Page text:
Jack-In-The-Pulpit, A Complete Guide

One of the most interesting native flowers North America has to offer is commonly known as Jack-In-The-Pulpit (Arisaema triphyllum). Typically found in woodland settings, the curious flower structure resembles something out of a science fiction novel rather than a common woodland plant.

I’ve been fascinated with this plant and it’s unique structure since I was a kid. And in Springtime hikes I love finding and identifying Jack in the Pulpit. So much so that I taught myself how to grow it from seed!

In this article:

What is Jack In The Pulpit

Jack In The Pulpit is a perennial woodland wildflower native to Eastern North America. Growing 1-2′ tall in moist soil and partial to full shade, it’s tiny hidden flowers are pollinated specially by a type of gnat. In late Summer, successfully pollinated flowers will form small red fruits that are occasionally eaten by Thrush and Turkey. [1][2]

Ripe berries of Jack in the Pulpit. The seed contained in each berry would be viable at this stage.

Interestingly, Jack In The Pulpit plants are either male, female, or bisexual. Only female or bisexual plants will produce the red berries in late Summer. One way to help differentiate plants in Spring is that larger plants tend to be female, while smaller plants are male and in-between sized plants are likely bisexual. [3]

But regarding the flower structure and morphology, you have what resembles a small man standing in the pulpit not unlike a large church. The two flower structures are known as the spadix (Jack) and the spathe (pulpit). And the red to purple stripes contrast with the lush green leaf color only add to the interest this shade-loving plant brings. It is not hard to see why this plant is used to get children interested in the outdoors!

But – note that the berries of this plant are toxic! So, teach your children (or any others) to be wary of the plant. The leaves, stalk, and root all contain calcium oxalate crystals which will cause burning/swelling in the skin or inside the mouth. It may be possible to choke if one ingests much, although it is reported that most people spit it out at the first bite. [2] Nonetheless, Native Americans did heat or cook, and then use the root corms as an ingredient for medicine, although I wouldn’t recommend it. [4]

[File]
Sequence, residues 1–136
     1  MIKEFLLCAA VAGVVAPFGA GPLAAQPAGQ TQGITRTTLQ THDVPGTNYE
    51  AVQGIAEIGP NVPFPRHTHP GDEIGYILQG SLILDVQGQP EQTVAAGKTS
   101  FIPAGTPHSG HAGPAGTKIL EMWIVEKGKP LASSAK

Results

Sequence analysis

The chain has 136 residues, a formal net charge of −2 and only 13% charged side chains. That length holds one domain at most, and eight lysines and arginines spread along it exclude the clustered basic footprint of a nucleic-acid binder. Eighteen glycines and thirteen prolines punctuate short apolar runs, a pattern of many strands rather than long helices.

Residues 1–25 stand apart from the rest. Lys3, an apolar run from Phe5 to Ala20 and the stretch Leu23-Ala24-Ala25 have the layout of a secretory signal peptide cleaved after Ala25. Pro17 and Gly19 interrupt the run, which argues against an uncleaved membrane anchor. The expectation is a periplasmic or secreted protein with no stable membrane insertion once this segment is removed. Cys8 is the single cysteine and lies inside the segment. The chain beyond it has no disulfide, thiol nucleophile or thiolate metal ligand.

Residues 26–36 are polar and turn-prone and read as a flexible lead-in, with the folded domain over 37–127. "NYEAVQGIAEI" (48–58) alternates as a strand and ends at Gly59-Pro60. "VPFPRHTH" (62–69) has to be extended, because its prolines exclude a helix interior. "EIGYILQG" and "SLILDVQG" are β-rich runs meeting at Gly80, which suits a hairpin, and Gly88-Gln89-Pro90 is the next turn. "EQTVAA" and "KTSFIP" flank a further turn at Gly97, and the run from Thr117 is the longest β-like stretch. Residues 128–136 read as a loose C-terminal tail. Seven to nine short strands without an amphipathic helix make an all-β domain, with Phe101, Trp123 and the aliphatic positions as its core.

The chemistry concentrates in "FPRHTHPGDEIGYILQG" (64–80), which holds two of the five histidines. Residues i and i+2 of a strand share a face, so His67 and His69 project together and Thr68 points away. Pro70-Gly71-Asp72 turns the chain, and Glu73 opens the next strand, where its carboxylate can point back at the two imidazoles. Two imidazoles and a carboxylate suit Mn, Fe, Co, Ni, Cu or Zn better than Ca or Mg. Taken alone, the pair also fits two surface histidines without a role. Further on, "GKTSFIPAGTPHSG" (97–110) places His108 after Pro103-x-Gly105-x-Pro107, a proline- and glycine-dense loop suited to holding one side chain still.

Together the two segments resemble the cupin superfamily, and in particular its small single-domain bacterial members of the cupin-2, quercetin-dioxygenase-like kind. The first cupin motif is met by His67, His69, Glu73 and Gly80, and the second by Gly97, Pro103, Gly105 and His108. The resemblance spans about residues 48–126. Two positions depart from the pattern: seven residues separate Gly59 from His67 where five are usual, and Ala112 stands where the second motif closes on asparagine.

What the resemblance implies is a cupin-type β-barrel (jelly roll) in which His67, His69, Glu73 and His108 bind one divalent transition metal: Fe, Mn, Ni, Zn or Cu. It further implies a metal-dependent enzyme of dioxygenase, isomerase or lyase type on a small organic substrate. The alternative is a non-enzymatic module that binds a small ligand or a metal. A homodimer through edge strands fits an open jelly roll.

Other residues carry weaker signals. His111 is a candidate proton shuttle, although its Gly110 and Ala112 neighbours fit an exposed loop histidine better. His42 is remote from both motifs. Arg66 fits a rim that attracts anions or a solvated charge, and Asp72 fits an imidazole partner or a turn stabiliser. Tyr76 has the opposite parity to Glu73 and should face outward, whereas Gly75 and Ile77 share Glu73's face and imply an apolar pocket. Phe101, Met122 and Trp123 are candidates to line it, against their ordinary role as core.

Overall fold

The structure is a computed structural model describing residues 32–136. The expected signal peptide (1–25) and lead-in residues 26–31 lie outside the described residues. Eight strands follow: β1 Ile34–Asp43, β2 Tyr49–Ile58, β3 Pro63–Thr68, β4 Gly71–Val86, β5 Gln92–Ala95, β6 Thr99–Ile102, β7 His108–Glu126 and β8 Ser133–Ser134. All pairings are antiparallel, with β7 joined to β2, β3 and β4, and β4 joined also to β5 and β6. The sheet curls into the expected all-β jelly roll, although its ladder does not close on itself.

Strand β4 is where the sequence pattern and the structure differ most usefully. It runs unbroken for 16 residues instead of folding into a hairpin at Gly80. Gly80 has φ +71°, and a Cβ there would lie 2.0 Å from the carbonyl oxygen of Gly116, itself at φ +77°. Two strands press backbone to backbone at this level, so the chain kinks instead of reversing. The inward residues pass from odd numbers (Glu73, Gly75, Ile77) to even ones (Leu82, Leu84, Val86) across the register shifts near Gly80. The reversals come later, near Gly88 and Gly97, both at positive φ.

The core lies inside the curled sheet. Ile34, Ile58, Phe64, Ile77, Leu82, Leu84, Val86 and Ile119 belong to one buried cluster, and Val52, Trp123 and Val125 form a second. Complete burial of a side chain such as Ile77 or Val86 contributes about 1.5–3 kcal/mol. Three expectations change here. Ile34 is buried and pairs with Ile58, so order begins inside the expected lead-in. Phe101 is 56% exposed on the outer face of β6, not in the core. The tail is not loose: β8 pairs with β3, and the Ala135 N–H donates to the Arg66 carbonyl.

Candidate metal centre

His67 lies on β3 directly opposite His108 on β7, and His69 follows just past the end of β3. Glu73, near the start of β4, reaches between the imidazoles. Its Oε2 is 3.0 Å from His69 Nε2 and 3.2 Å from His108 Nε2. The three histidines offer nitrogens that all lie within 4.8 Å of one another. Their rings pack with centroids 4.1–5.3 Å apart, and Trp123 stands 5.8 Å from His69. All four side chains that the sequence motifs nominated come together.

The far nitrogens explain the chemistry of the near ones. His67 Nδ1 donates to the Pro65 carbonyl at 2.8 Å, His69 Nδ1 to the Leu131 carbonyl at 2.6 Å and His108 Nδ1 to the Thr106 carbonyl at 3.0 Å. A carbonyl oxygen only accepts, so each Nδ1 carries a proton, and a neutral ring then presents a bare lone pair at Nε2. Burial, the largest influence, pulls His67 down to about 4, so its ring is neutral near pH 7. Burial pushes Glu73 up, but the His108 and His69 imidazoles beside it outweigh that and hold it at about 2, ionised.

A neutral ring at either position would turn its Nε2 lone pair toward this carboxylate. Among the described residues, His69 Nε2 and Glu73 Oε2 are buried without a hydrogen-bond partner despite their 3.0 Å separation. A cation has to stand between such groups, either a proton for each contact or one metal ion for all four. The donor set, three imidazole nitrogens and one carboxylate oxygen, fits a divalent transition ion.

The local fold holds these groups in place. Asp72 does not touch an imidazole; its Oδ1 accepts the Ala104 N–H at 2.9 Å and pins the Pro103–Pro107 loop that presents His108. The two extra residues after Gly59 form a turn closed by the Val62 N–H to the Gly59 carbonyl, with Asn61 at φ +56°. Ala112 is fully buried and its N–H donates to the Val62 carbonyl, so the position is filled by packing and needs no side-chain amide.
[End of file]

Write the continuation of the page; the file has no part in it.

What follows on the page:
Amazingly, there are some similar-looking species that can be referred to as Jack In The Pulpit (Arisaema triphyllum).

  • Arisaema dracontium can be sold or confused as they have similar flower structures. However, it will generally have 4 or more leaflets, where Jack In The Pulpit will only have three leaflets. The proper common names of Arisaema dracontium is ‘Green Dragon’ or ‘Dragon Turnip’. To make it more confusing, they both inhabit the same range as Jack in the pulpit.

Native Range of Jack In The Pulpit

The native range of Jack In The Pulpit is essentially North from East Texas to Manitoba, and then everywhere East to the Atlantic Ocean.

References [1]

Jack In The Pulpit Reference Table

Scientific NameArisaema triphyllum
Common Name(s)Jack-In-The-Pulpit, Indian Turnip, Bog Onion,  Devil’s dear, Wake robin, Starch wort
Native Range, USDA ZoneNative Range = Eastern North America. USDA Hardiness Zone 4-9.
Bloom TimeSpring
Bloom Duration, ColorTwo Months, white/green. Note – flower is only active for 2-3 weeks, but flower structure will remain.
Spacing / Spread1-2′
Light RequirementsPartial sun to full shade
Soil TypesSandy loam to clay loam, but with plenty of organic matter present.
MoistureMoist to medium-moist
Fauna Associations / Larval HostsThrips and Fungus Gnats. Turkey & Thrush eat seeds.
Reference [1][2]

What are the Benefits of Jack In The Pulpit

Unique and interesting

The structure and form of the flower of Jack In The Pulpit is sure to draw interest to shady or woodland gardens. There isn’t any other plant that comes close to resembling it.